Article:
Toyota’s Tacoma midsize pickup truck scored the overall highest retained value – 87 per cent after four years – of any car or truck sold in Canada. It’s dominated its category for more than 12 years, the longest winning streak since CBB began tracking vehicle depreciation. Generally, trucks and crossovers/SUVs hold their value significantly better than cars, reflecting Canadians’ unrelenting appetite for light trucks. The Tacoma’s sterling reliability is a big part of its appeal.
The Jeep Wrangler retained 82.3 per cent of its original manufacturer’s suggested retail price (MSRP) four years later, making it the second-best retained value ride in Canada, the figure derived from CBB’s Best Retained Value Awards for 2021. Its high value speaks to the Jeep’s unique features – buyers love that they can remove the doors and even fold down the windshield – and the iconic styling of this historic nameplate that harks back to the Second World War. It’s the Jeep’s go-anywhere invincibility that continues to draw buyers, too.
In addition to trucks and SUVs, sports cars have sway with consumers with discretionary funds, so it’s no surprise that extraordinary performers such as the Porsche 911 continue to find an audience as second-hand buys. The venerable 911 actually tied with the Wrangler for second place with an equal 82.3 per cent retained value after four years (like all the vehicles on this list, CBB examined the value of 2017 models today). In addition to its high-performance character, Porsche scores very highly in annual J.D. Power dependability surveys.
As Car and Driver
noted, pickup trucks and sports cars – the cars people are more likely to want
to buy – saw the highest price increases. Strong emotional appeal sometimes trumps a practical buy, which helps explain why the Chevrolet Corvette scores so well in retained value. Again, CBB examined 2017 models, which predated the newest mid-engine C8 Corvette – yet the previous generation is no slouch in the performance department. Aficionados recognize the C7 Corvette as a sports-car bargain, which has led to big price increases for used examples.
The second-best sport utility vehicle in terms of retained value is the Toyota 4Runner, a predictable result given that it rides on the frame of a truck – the aforementioned Tacoma – which gives it true all-terrain capability expected of the class. This ain’t no car-based crossover, in other words. And the market is willing to pay a premium for the 4Runner’s rugged character, combined with the mechanical dependability synonymous with the Toyota brand.
Porsche 718 Cayman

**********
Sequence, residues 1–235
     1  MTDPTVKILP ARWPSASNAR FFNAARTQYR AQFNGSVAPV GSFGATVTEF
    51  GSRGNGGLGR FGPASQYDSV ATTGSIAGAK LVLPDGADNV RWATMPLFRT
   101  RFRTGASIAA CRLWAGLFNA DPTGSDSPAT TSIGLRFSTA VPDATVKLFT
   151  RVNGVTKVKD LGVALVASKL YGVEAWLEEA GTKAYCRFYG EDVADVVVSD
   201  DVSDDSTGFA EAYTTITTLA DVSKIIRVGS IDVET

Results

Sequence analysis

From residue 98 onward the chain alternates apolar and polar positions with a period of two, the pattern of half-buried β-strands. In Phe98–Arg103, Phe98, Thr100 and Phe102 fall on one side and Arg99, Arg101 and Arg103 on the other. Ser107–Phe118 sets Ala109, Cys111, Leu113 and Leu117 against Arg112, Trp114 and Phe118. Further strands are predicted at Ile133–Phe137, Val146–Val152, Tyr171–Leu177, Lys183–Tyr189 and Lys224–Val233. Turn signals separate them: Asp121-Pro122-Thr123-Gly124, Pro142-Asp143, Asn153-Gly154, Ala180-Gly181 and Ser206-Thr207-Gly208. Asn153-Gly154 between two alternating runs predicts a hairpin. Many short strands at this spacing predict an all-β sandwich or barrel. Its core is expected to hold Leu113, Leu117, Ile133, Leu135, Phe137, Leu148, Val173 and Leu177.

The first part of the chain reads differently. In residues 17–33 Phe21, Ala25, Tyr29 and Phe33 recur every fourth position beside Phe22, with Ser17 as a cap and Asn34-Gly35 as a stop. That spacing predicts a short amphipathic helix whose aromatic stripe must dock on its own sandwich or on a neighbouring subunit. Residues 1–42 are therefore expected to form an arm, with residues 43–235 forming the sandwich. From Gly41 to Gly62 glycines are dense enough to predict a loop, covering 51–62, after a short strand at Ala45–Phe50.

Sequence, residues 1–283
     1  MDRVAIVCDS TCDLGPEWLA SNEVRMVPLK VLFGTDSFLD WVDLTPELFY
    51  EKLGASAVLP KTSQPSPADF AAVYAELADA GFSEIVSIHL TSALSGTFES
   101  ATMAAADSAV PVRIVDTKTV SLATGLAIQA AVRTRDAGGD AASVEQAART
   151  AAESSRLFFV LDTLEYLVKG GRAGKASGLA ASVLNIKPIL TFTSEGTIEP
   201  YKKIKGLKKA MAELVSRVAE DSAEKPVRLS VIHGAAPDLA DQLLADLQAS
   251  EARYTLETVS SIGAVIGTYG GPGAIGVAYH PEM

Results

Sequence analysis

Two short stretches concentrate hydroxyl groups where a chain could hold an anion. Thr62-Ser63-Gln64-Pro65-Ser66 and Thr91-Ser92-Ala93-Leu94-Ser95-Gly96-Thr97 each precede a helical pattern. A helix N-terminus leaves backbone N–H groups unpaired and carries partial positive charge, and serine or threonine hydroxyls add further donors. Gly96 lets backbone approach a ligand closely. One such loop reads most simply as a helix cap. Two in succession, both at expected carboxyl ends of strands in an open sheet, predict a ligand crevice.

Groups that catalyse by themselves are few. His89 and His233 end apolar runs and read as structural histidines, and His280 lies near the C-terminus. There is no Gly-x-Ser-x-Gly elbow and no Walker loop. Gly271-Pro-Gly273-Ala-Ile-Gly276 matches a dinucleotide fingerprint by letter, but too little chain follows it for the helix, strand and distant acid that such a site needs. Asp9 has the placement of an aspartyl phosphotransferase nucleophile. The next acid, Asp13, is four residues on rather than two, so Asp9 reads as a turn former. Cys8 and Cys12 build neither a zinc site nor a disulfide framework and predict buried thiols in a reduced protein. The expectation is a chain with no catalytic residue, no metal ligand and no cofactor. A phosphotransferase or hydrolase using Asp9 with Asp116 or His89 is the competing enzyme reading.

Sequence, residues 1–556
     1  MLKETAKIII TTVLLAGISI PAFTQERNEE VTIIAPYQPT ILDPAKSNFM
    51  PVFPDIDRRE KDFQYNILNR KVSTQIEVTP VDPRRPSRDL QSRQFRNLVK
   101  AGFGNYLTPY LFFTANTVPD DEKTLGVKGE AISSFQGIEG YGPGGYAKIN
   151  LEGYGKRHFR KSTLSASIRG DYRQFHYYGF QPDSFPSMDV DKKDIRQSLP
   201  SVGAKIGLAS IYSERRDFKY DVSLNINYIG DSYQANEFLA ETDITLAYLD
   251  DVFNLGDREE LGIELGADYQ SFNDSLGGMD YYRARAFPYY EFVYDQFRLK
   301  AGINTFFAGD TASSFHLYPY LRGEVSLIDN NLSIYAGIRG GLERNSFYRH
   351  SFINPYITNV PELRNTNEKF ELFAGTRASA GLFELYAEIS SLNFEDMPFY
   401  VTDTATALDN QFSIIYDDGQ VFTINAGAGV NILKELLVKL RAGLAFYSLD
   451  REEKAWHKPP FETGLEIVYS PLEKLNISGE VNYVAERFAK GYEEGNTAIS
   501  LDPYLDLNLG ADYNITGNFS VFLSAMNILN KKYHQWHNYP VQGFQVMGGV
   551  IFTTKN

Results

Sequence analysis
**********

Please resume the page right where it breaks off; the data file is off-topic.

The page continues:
Here’s another example of the strong appeal of a classic sports car, which by definition only seats two lucky occupants. The Porsche 718 Cayman, the coupe version of the convertible Boxster, is a more affordable model when compared to the lauded 911, yet it features a mid-engine layout that makes it an especially fetching ride. Like the other Porsches on this list, it is painstakingly assembled to provide excellent mechanical reliability, something the marketplace is happy to pay for in addition to the exhilarating drive.
Sensing a trend here? Certain manufacturers dominate the retained-value awards because their models share certain characteristics; namely, high product quality and a time-honoured reputation in the market for delivering the goods, be they high performance or tough-as-nuts 4x4 versatility. Toyota’s full-size Tundra pickup successfully emulated the Detroit Three’s bestselling trucks, even if it sells a fraction of their numbers. The used-vehicle market has awarded the Texas-built Tundra the highest resale value of the bunch, a strong indication of the truck’s dependability.
Porsche’s compact Macan sport utility skews more sport than utility, which appears to be the desired formula for its audience: motorists who want to drive an all-weather performance machine that sticks to paved roads better than it does to gravel paths. Smaller and lighter than its big-brother Cayenne, it successfully marries the best of both worlds – sports-car-like performance with the utility of a five-door wagon that can safely transport its riders and cargo through any weather.
Ford F-250 Super Duty
As the highest rated truck of the Detroit Three, the Ford F-250 is a fitting example of a domestic product that depreciates slowly because it can do anything from picking up the kids after school to hauling a cabin cruiser or other weekend toys with extraordinary confidence. Consumers are willing to pay for versatility that delivers during the week and on the weekends. The heavy-duty Ford F-250 comes out of the box ready to work – an appealing trait that clearly plenty of buyers are willing to pay a premium.